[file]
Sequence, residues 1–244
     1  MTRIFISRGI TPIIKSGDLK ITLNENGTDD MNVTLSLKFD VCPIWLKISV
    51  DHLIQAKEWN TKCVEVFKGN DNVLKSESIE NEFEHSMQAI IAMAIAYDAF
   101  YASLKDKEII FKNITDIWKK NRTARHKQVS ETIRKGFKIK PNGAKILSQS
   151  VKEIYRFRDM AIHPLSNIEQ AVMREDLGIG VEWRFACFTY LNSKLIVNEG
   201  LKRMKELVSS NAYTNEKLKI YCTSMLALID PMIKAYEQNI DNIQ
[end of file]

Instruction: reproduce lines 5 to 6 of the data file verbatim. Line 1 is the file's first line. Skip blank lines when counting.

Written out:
   151  VKEIYRFRDM AIHPLSNIEQ AVMREDLGIG VEWRFACFTY LNSKLIVNEG
   201  LKRMKELVSS NAYTNEKLKI YCTSMLALID PMIKAYEQNI DNIQ